Devastating Cheerleading Injuries on the Rise


It wasn’t that long ago when you would be impressed by the high school cheerleader who could do back flips on the sidelines. Now back flips are practically a prerequisite. As cheerleading becomes more and more recognized as a sport, and the competitive demands grow, doctors are seeing an increasing number of severe injuries related to cheerleading accidents.

Take the story of Laura Jackson. Starting at the age of 14, Laura loved cheerleading and dreamed of being on the sidelines at the high school football games, and maybe even college. On the day of tryouts, however, her life changed. As she attempted a move called a “back-tuck” – a moved she learned just for the tryout – she misjudged the spotter and struck her head on the ground, breaking her neck. Laura is now quadriplegic.

According to the National Center for Catastrophic Sport Injury Research at the University of North Carolina, cheerleading is by far and away the most dangerous sport in America for girls. Of all the catastrophic injuries suffered by girls in sport – injures causing permanent disability – cheerleading accounts for 65%. Nearly 30,000 cheerleaders are treated in Emergency Rooms around the country annually, tripling the amount from 1980.

Here’s a sampling [from an MSNBC story]:

• In 2007, 17-year-old Patty Phommanyvong was struck in the chest by a teammate’s fist as she plummeted from a stunt at a football game at her high school in Los Angeles; she’s now 19 and living in a nursing home, unable to move or eat or speak.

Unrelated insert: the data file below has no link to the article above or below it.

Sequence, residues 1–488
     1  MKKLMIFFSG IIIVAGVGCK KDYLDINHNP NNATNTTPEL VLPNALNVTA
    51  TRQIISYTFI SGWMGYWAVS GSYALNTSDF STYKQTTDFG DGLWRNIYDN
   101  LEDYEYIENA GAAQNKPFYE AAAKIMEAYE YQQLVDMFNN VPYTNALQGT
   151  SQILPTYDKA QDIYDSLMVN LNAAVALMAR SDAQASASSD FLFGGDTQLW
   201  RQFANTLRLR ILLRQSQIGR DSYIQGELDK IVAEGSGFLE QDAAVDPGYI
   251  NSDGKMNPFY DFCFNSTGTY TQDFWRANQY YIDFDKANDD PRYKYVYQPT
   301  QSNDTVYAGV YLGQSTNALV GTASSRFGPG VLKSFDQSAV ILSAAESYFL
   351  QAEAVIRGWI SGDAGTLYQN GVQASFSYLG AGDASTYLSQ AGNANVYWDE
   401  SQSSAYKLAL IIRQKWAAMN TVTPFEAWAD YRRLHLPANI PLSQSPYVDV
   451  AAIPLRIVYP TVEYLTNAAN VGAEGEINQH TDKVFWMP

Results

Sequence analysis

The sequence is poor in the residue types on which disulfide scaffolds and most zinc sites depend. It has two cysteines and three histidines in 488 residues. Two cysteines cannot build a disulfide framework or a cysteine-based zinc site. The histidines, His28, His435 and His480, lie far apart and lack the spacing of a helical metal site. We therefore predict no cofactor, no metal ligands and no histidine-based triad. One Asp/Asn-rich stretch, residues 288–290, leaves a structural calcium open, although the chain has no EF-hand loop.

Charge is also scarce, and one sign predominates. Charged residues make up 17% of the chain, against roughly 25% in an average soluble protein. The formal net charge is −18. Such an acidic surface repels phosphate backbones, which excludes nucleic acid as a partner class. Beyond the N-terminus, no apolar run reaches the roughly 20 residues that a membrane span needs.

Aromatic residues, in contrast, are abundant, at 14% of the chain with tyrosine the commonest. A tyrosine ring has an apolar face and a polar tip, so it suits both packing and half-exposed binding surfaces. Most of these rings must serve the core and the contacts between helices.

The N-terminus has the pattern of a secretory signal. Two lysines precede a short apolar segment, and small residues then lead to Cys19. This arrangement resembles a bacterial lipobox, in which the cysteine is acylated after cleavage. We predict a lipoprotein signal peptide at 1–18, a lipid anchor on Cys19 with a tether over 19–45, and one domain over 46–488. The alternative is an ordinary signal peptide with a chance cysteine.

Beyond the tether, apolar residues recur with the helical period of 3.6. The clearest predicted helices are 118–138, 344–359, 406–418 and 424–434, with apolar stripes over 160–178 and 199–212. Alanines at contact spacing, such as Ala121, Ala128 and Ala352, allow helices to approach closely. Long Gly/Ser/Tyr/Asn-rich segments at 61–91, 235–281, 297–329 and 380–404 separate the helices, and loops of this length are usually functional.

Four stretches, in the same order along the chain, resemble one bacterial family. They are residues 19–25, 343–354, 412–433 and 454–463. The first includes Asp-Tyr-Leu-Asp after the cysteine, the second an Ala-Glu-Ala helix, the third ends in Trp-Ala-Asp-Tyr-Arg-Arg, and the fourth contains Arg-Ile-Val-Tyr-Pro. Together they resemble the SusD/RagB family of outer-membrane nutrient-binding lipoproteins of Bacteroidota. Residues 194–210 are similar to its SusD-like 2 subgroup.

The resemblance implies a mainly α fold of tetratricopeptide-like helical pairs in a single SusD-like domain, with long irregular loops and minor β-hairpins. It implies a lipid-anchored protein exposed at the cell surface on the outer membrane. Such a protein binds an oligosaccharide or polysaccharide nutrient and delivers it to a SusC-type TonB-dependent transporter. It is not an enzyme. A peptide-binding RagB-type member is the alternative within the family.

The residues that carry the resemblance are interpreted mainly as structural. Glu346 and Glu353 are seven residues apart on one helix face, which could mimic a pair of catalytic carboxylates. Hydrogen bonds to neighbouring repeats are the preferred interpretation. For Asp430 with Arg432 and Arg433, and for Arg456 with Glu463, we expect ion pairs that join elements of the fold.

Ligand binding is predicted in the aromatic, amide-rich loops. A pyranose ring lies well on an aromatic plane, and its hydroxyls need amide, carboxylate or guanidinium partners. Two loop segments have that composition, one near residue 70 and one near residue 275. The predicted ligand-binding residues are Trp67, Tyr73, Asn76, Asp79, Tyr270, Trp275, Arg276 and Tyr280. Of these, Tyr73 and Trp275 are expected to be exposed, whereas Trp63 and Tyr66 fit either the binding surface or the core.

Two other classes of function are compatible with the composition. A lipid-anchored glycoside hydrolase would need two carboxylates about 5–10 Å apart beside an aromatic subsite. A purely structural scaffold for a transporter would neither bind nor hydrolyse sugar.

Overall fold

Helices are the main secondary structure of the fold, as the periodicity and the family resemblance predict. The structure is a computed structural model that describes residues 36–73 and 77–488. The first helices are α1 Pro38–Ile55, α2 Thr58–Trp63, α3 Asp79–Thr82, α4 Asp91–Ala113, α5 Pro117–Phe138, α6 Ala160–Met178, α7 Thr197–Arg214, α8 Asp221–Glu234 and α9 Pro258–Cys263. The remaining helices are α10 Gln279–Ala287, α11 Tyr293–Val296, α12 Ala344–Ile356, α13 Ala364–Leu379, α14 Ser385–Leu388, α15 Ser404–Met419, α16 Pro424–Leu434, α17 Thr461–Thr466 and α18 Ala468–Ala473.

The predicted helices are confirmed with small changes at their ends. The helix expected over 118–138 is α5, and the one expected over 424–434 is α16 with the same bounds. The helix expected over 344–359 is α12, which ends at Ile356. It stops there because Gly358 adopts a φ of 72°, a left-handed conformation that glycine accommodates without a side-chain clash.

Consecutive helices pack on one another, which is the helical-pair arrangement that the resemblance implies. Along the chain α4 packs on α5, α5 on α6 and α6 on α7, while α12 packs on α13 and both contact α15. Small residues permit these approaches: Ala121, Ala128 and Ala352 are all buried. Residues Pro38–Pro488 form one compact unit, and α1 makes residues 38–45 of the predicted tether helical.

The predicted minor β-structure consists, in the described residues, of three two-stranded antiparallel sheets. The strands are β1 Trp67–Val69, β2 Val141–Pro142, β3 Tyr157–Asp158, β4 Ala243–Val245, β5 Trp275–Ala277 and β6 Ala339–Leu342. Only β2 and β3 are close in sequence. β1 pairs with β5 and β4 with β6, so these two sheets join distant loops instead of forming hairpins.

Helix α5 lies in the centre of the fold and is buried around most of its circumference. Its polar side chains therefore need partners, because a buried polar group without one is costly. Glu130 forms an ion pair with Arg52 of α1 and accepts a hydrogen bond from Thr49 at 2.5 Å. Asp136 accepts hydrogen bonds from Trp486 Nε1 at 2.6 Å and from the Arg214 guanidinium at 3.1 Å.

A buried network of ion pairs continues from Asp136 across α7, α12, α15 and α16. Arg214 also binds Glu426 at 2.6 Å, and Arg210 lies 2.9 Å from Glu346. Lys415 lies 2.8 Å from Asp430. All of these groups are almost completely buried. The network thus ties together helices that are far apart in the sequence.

• In 2005, 14-year-old Ashley Burns of Medford, Mass., hit her stomach on another cheerleader’s shoulder while spinning down from an acrobatic move called a double down; she ruptured her spleen and died almost immediately.

• In 2008, Wesley Patterson, 20, who had been recruited for one of the guy spots on the cheer team at Prairie View A&M in Prairie View, Texas, fumbled a turn while tumbling, and like Laura, he’s now a quadriplegic.

There are also serious liability issues for schools. “Cheerleading is not taken seriously enough, even by the people who teach it themselves,” said Kimberly Archie, of the National Cheer Safety Foundation. “They don’t realize that they’re asking kids to do acrobatics that put them at high risk.” Since cheerleading is not considered an organized sport, most schools do not provide adequate safety equipment, or require any training of the coaches. Frequently the coach is a recent high school grad who him/herself was a cheerleader only a year or two before.

Source: MSNBC [with video]

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